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Archives of Sexual Behavior

, Volume 48, Issue 3, pp 935–947 | Cite as

Meanings of Sexuality: Views from Malay Women with Sexual Dysfunction

  • Rosediani MuhamadEmail author
  • Dell Horey
  • Pranee Liamputtong
  • Wah Yun Low
  • Hatta Sidi
Original Paper

Abstract

In Malaysia, female sexual dysfunction (FSD) among Malays is common, so understanding the meanings of sexuality becomes crucial, as they can vary with identity, and this may influence each woman’s subsequent reaction to sexual experience. In this article, we explore the meanings of sexuality that Malay women had developed throughout their lived experience. This qualitative study, situated within a social cognitive theory and a phenomenological framework, was conducted through in-depth and photograph elicitation interviews with 26 Malay women who had self-reported experiencing FSD. The findings suggest that the meanings of sexuality for these women linked closely with fundamental factors of Malay identity, which is comprised of tradition (Adat), religion (Islam), and language, that all influence gendered roles. Malay women understood sexuality to be sexual intimacy within marriage, privileging their marital role as a “good wife” over their personal rights within a sexual relationship. This understanding of sexuality was reinforced by meanings attributed to procreation, which Malay women linked closely to the purpose of marriage and their role as a “good mother.” The findings should provide useful evidence that could be used in sexual health promotions to help reduce FSD and in clinical practice to generate appropriate therapy in Malaysia and elsewhere.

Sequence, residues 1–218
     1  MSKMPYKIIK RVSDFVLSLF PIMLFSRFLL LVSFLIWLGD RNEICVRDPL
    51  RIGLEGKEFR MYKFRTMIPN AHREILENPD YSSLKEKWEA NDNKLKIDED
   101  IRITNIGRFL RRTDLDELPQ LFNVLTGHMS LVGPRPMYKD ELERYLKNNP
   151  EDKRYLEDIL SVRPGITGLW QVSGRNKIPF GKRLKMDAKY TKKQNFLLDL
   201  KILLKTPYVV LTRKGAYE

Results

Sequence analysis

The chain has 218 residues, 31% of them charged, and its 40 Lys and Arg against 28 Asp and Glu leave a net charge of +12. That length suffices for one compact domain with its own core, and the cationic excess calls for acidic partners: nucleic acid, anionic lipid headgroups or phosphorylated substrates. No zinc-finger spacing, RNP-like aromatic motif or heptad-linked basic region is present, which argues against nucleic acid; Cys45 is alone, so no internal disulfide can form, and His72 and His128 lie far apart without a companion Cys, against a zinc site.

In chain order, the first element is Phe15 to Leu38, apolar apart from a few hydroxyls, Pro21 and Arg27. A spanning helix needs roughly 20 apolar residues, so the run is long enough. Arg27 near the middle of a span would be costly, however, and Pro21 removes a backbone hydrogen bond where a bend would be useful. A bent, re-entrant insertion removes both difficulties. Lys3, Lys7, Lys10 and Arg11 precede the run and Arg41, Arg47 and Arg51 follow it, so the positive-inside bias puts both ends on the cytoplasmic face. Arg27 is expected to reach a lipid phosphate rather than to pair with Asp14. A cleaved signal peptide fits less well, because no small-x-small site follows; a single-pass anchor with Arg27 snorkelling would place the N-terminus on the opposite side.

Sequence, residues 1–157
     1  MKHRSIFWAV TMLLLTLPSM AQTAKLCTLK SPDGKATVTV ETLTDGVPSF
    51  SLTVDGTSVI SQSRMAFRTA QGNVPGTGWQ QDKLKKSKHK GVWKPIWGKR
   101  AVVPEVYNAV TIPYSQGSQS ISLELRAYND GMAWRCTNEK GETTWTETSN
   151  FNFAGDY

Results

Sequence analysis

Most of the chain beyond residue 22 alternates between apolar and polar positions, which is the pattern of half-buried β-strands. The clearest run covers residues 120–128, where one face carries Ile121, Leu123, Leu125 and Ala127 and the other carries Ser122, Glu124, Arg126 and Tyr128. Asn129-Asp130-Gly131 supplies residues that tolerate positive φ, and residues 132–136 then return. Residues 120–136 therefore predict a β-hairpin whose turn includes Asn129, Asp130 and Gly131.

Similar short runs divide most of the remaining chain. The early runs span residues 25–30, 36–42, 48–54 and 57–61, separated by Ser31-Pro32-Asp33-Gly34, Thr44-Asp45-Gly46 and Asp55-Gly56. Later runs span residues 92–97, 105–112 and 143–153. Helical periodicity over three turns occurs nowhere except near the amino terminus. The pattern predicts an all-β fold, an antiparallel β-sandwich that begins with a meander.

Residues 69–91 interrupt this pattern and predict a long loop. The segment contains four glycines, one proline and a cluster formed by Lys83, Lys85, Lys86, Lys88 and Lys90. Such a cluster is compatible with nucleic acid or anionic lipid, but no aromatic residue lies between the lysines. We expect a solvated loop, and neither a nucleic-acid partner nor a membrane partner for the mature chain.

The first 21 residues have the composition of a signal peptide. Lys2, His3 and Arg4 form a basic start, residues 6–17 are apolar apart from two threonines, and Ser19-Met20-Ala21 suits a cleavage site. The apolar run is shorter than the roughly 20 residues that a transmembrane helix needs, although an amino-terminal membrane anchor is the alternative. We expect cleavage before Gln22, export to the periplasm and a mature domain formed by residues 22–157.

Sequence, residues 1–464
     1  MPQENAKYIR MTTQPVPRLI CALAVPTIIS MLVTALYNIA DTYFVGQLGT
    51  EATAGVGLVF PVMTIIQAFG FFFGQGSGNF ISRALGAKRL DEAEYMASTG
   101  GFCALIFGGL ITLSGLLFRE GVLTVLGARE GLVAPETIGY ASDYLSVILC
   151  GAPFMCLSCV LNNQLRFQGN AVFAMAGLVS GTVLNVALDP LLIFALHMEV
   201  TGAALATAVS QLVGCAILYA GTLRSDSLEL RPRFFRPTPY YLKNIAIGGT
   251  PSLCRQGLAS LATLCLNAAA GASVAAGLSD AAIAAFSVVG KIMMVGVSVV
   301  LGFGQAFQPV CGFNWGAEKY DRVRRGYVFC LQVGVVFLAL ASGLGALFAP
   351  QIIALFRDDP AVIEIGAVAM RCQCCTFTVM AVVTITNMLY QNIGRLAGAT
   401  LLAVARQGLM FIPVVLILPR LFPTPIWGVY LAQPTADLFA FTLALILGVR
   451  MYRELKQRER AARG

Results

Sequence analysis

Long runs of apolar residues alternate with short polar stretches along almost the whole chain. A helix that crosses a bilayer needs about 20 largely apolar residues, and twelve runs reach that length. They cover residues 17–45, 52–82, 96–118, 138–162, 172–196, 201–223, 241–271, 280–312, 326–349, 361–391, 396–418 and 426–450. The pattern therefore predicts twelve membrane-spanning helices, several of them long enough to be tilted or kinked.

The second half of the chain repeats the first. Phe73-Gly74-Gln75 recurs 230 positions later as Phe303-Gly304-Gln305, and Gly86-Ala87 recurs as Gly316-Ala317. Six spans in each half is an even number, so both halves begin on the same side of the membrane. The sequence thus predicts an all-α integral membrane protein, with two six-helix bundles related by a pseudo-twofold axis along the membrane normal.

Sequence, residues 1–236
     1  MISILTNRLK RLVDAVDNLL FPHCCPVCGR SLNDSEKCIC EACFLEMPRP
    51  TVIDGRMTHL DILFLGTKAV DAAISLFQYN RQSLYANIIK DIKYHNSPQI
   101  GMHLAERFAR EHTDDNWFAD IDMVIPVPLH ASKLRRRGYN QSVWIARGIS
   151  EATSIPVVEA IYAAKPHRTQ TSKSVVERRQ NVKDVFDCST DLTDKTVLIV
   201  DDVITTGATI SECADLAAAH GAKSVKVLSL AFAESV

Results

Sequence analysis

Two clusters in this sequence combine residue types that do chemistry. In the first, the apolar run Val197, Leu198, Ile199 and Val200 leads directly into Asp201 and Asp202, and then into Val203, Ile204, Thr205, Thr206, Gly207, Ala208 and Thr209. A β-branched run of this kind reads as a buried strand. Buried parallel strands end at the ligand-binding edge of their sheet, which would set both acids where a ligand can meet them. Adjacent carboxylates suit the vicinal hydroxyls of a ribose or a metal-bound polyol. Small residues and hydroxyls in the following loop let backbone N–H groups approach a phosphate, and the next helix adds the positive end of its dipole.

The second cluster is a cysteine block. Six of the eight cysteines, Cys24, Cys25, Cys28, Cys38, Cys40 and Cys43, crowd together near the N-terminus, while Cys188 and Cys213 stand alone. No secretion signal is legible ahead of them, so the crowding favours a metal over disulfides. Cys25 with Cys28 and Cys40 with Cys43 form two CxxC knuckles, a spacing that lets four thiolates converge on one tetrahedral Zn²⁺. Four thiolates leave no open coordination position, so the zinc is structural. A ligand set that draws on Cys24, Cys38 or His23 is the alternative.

Keywords

Malay women Sexuality Female sexual dysfunction DSM-5 

Notes

Acknowledgements

We thank all participants, Dr. Paul O’ Halloran, Brigid McCoppin and friends at La Trobe University, USM, UMMC, UKMMC, FMSA; in Malaysia and Melbourne, who helped us direct and indirectly throughout this study.

Compliance with Ethical Standards

Ethical Approval

All procedures performed in studies involving human participants were in accordance with the ethical standards of the institutional and/or national research committee and with the 1964 Helsinki Declaration and its later amendments or comparable ethical standards.

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Copyright information

© Springer Science+Business Media, LLC, part of Springer Nature 2018

Authors and Affiliations

  1. 1.Family Medicine Department, School of Medical Sciences, Health CampusUniversiti Sains MalaysiaKubang KerianMalaysia
  2. 2.Department of Public Health, College of Science, Health and Engineering, Melbourne CampusLa Trobe UniversityBundooraAustralia
  3. 3.School of Science and Health, School of MedicineWestern Sydney UniversityPenrithAustralia
  4. 4.Faculty of MedicineUniversity of MalayaKuala LumpurMalaysia
  5. 5.Psychiatry DepartmentThe National University of Malaysia Medical CentreCheras, Kuala LumpurMalaysia

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